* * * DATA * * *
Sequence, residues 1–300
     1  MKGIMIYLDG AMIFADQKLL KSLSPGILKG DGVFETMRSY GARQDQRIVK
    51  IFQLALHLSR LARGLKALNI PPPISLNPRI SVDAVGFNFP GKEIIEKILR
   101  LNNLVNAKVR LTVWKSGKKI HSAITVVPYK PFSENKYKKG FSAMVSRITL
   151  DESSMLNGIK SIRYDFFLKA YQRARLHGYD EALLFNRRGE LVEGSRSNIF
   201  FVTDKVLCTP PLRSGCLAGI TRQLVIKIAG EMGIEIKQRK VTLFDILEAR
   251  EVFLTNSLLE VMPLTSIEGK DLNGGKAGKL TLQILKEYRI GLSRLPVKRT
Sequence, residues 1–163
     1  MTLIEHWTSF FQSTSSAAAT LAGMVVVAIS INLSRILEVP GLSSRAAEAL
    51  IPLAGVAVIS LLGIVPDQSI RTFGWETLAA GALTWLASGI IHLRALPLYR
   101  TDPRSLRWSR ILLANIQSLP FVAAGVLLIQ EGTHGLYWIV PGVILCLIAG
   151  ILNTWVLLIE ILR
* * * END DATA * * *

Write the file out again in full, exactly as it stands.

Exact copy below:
Sequence, residues 1–300
     1  MKGIMIYLDG AMIFADQKLL KSLSPGILKG DGVFETMRSY GARQDQRIVK
    51  IFQLALHLSR LARGLKALNI PPPISLNPRI SVDAVGFNFP GKEIIEKILR
   101  LNNLVNAKVR LTVWKSGKKI HSAITVVPYK PFSENKYKKG FSAMVSRITL
   151  DESSMLNGIK SIRYDFFLKA YQRARLHGYD EALLFNRRGE LVEGSRSNIF
   201  FVTDKVLCTP PLRSGCLAGI TRQLVIKIAG EMGIEIKQRK VTLFDILEAR
   251  EVFLTNSLLE VMPLTSIEGK DLNGGKAGKL TLQILKEYRI GLSRLPVKRT
Sequence, residues 1–163
     1  MTLIEHWTSF FQSTSSAAAT LAGMVVVAIS INLSRILEVP GLSSRAAEAL
    51  IPLAGVAVIS LLGIVPDQSI RTFGWETLAA GALTWLASGI IHLRALPLYR
   101  TDPRSLRWSR ILLANIQSLP FVAAGVLLIQ EGTHGLYWIV PGVILCLIAG
   151  ILNTWVLLIE ILR